Warwickshire dominate BWT final to leave Lancashire at risk of record defeat

If you’ve ever ploughed through a plate of cold chips just for the sake of it, you’ve perfected the correct approach to the third day of the Bob Willis Trophy at Lord’s.

A day that started with Warwickshire sitting pretty on a lead of 386, ended with Lancashire wobbling on the edge of defeat. They were still 269 runs behind with just four second-innings wickets in hand when the light, which had barely raised itself above elephantine grey all day, finally dropped below the required level on the umpires’ light meters.

Lancashire’s heaviest previous defeat was by an innings and 220 by West Indies in 1950, the match where Alf Valentine clinched his place in the Test team after taking 13 wickets on an Old Trafford pitch resembling a dust heap. Yorkshire handed out Lancashire’s most crushing defeat by a county, again at Old Trafford, this time by an innings and 200 runs in 1938. Hedley Verity was then the terminator, trousering five for 21 in the second innings.

There were no such stand-out performances on Thursday, which is fitting for a Warwickshire attack that throughout the season has worked as a team, chipping in when it mattered. Liam Norwell removed the dangerous George Balderson and Josh Bohannon, while Craig Miles, Tim Bresnan and Danny Briggs all picked up a wicket each, the most curious Steven Croft, who appeared to miss a screeching turner from Briggs, which fell into the hands of Bresnan at first slip, but still turned on his heel and headed for the hills. Alex Davies was the first man to fall, run out springing for a quick single in his final innings for Lancashire.

“We’re pretty happy,” said Norwell who picked up his 50th first-class wicket for the season during the day.

“Whenever you’re playing at Lord’s with the chance to win a trophy you’ve got to have a smile on your face. It was the first time my long-sleeved jumper has come out since Durham away, which was one of the first games of the year, but how often do you get the opportunity to play at Lord’s and especially when we’ve already won one trophy and to add a second to it? No one gave us a chance at the start of the season to be in this position so the fact we are, there is just a great mood in the camp.”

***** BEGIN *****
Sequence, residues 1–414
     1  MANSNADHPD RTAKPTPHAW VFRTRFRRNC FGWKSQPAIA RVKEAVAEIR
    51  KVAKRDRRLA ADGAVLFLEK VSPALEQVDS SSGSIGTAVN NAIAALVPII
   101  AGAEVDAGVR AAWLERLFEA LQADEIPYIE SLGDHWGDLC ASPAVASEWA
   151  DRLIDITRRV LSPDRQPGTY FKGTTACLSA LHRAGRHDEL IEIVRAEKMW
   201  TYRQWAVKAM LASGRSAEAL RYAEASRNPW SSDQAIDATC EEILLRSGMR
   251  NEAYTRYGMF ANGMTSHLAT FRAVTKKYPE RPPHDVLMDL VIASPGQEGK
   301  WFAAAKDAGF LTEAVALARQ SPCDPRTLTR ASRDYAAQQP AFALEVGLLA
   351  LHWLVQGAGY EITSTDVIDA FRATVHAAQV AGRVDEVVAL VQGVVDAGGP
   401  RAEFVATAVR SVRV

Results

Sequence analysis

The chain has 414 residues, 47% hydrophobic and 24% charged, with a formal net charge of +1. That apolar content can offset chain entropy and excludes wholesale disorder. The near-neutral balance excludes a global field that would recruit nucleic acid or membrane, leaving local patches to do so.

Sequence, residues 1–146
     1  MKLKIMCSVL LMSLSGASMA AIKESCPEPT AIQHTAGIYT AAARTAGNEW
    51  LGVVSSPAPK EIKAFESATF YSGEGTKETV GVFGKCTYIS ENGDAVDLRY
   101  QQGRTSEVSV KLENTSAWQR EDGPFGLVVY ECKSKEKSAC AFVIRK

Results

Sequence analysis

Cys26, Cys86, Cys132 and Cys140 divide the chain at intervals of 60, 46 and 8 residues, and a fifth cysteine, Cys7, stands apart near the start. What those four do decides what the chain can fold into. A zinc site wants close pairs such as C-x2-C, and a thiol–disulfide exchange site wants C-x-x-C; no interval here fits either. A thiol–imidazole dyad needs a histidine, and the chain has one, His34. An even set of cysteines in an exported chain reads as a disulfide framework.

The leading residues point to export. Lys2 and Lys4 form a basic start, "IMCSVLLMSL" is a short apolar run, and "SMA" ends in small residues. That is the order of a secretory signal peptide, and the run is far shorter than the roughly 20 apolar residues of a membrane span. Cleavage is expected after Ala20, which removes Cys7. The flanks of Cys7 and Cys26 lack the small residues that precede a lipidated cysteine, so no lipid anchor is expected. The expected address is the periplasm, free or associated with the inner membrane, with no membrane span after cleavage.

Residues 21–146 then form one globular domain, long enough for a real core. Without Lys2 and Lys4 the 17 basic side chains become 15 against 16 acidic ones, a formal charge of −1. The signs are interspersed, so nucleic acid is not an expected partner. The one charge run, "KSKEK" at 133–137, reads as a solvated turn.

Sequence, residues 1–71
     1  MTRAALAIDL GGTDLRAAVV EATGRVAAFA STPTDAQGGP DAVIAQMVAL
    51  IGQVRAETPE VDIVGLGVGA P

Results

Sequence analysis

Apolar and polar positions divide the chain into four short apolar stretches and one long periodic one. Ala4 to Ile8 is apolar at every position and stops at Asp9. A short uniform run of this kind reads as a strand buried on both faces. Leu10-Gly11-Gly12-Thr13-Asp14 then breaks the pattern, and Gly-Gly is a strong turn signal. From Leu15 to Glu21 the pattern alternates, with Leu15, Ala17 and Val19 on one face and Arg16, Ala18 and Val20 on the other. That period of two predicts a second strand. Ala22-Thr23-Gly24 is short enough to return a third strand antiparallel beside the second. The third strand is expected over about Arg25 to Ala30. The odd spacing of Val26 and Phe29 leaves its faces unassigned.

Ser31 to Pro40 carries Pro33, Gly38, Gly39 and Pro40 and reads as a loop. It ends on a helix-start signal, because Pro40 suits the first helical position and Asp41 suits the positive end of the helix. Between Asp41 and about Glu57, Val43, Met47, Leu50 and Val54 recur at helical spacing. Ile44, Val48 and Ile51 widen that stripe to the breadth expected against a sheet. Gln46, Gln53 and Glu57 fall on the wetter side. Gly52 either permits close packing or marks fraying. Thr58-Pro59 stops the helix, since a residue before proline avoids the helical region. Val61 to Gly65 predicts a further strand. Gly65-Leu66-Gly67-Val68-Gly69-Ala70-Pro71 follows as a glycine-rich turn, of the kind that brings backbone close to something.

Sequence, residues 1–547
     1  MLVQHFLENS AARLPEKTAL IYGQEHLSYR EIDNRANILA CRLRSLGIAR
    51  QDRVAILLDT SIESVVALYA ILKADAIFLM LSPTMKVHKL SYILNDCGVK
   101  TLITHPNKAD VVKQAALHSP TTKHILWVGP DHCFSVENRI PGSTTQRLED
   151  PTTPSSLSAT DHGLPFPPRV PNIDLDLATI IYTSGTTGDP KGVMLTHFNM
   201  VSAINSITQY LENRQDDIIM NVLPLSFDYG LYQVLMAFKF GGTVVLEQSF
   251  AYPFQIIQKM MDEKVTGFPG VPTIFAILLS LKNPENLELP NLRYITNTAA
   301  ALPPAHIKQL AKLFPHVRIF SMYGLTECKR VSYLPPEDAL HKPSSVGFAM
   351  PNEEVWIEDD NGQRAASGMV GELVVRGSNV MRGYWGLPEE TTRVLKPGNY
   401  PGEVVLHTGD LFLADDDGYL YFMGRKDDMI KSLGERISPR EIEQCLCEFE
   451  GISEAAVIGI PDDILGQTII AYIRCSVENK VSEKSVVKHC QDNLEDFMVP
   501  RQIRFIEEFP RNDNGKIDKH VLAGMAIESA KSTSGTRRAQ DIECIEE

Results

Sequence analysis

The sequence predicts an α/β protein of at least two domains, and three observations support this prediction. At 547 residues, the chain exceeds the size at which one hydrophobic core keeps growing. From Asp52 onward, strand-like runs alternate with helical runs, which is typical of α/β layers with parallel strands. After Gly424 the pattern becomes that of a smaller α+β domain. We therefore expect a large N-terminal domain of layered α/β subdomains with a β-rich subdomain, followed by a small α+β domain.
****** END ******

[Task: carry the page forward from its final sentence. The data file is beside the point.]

Balderson, 21, who top scored for Lancashire with 65, revealed that the trip down was his first time in London. “It was amazing to be here at Lord’s,” he said, zipped into his puffa jacket. “I’ve never been here before so to spend a bit of time in the middle was pleasing, though obviously the game situation hasn’t gone our way. All the history, sitting in the changing room, seeing the honours board in the away changing room. It is one of the first things I did when I got here, spent 10 minutes reading all the names, it is a special place.”

The England and Wales Cricket Board’s managing director of county cricket, Neil Snowball, meanwhile, has confirmed that the Royal London Cup will again be played at the same time as The Hundred but that, unlike the random Thursday allocated in 2021, the 2022 final will be played at Trent Bridge on a Saturday in September. He also committed to playing the T20 Blast in one block, starting towards the end of May and concluding in mid-July with finals day at Edgbaston. There was also confirmation that the ECB are still to receive a copy of the Azeem Rafiq report from Yorkshire.